Swanner: We just saw The Hateful Eight in an hour ago, and I’m still very excited. I’m a huge Tarantino fan, and while the rest of the world waited for Star Wars, I waited for Tarantino’s newest gift, a post civil war western. The film follows John Ruth (Kurt Russell) a bounty hunter handcuffed to Daisy Domergue (Jennifer Jason Leigh), his bounty, that he’s taking to Red Rock to hang. Along the way to Red Rock they pick up two strangers, but because of a impending storm they have to stop at a 1800’s rest stop called Minnie’s Haberdashery and then all hell breaks loose.
The movie also features Tarantino Players Tim Roth as Red Rock Hangman Oswaldo Mobray, Samuel L Jackson as Union Major Marquis Warren, and Michael Madsen as cowboy Joe Gage; as well as Bruce Dern as Confederate General Sandy Smithers and Walt Goggins as Sheriff Chris Mannix. The movie, clocking in at a swift three hours and four minutes, is as much a Whodunit as it is a Western. The majority of the film takes place in a single room cabin, Minnie’s, with Ruth being suspicious of everyone and Warren looking for an excuse to kill Confederate General Smithers. Blood and the N-Word abound.
What I love about Tarantino is that he loves film. Every film he makes goes on his own favorite film list, and I admire that. I’m not sure if it’s our similar age or the love for 70’s drive-in movies, but I really connect with his films. He doesn’t let history rule his stories, if he wants to kill Hitler he will, if he wants to blow up a slave plantation, he will, and I can’t get enough. Here, he creates an Agatha Christie murder mystery western placed in snowed in cabin filled with killers. Yes, it’s violent and yes, he does find away of insulting just about everyone, but the script is so beautifully written you don’t care.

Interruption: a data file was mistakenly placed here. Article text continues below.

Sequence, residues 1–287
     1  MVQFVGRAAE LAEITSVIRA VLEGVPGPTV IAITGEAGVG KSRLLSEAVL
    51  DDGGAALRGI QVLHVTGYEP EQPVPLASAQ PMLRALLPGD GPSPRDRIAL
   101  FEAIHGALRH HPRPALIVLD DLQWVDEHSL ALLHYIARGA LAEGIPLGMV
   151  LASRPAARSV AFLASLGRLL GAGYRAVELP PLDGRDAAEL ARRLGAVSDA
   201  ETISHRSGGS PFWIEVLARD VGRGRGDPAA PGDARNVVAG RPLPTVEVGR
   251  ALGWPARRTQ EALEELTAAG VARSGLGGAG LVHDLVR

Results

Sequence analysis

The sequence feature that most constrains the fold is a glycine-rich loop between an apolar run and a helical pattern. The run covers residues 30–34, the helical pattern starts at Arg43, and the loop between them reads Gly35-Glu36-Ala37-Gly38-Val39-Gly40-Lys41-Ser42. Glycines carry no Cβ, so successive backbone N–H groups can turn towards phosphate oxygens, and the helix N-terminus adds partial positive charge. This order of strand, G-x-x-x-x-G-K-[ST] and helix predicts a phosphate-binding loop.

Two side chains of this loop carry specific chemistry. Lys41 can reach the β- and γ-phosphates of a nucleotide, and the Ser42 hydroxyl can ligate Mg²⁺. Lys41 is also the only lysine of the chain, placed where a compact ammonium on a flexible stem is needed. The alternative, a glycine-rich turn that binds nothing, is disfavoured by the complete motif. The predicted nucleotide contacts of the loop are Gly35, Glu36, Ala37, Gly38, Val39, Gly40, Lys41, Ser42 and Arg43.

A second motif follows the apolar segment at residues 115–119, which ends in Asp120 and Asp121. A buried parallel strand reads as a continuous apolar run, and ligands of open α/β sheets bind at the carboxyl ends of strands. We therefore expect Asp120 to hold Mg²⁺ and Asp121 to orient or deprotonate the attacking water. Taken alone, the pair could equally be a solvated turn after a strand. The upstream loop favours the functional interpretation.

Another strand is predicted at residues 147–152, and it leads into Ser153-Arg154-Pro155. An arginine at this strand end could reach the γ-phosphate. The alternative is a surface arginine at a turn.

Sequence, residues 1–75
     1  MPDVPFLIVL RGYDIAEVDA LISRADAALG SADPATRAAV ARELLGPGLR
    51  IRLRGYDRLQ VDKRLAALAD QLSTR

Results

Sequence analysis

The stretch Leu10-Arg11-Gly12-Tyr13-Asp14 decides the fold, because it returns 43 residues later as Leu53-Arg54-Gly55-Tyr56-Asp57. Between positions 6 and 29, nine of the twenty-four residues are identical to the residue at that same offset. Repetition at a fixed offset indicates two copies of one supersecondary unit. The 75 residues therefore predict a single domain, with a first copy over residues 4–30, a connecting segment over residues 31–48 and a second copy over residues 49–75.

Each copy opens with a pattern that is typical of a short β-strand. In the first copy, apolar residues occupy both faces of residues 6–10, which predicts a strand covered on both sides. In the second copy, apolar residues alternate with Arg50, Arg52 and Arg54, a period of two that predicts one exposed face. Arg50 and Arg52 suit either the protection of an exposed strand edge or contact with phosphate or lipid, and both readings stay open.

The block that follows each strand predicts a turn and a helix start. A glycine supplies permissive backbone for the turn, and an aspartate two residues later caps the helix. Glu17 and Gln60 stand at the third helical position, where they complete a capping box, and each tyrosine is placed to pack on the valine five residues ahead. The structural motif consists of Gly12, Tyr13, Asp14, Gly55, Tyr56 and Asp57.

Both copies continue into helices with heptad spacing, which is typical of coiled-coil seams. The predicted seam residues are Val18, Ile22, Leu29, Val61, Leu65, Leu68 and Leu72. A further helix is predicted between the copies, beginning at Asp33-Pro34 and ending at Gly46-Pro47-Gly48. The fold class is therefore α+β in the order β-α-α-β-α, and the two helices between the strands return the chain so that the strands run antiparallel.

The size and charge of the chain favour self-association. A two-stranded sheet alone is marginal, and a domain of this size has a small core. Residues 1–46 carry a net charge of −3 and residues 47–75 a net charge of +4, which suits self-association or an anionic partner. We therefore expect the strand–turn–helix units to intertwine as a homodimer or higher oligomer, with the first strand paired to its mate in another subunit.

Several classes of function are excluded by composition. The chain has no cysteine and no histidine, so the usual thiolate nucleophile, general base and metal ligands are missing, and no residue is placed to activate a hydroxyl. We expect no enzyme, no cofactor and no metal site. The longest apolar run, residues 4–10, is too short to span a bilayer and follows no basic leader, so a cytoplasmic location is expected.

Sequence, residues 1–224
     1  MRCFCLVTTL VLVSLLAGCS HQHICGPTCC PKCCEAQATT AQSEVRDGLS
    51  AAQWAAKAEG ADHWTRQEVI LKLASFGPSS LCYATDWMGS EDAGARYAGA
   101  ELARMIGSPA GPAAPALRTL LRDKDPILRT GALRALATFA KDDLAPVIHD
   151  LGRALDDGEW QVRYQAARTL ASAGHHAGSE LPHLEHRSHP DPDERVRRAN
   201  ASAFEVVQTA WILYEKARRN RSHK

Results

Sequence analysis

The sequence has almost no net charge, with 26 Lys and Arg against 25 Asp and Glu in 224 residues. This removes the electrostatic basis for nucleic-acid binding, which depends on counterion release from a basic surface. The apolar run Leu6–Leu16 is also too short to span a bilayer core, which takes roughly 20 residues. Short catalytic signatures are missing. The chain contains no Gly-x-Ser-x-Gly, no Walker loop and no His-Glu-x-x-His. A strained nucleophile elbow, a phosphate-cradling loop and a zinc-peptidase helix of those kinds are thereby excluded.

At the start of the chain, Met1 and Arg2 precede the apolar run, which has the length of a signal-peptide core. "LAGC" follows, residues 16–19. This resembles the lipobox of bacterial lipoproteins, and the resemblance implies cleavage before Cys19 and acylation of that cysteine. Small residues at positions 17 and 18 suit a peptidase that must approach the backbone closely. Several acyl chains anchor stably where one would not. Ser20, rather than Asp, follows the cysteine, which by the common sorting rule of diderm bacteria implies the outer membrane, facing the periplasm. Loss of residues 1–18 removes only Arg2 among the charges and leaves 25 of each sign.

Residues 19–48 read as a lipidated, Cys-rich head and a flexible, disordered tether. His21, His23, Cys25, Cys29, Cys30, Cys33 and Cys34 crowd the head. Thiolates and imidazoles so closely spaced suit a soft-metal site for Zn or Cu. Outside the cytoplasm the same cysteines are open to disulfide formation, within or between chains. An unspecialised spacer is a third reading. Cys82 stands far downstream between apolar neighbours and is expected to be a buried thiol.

Tarantino is an exploitation director; his movies are gourmet junk food, which explains his incessant use of racial slurs and violence. It’s actually much milder than what you would get from a back-in-the-day original. You mentioned the script, but the cinematography, staging, lighting and score are all epic. The Hateful Eight is a big movie, shot in a extremely wide format, with a grand, lush soundtrack by Ennio Morricone, known for scoring Italian Spaghetti Westerns. Every shaft of light, snow drift, particle of dust that floated across the screen seemed to be expertly placed by Tarantino. The Hateful Eight has replaced Kill Bill as my favorite Tarantino movie.
I totally agree on how amazing the folks are behind the camera. He always challenges his cast and crew and they always give him their best. It was so nice listening to that wonderful overture before the film. It was like foreplay, all I needed was a cup of coffee and some of Minnie’s beef stew. Whether this becomes my favorite Tarantino film or not, it will always be remembered as the best Christmas present I got this year.
Swanner: 4 stars
Judd: 5 stars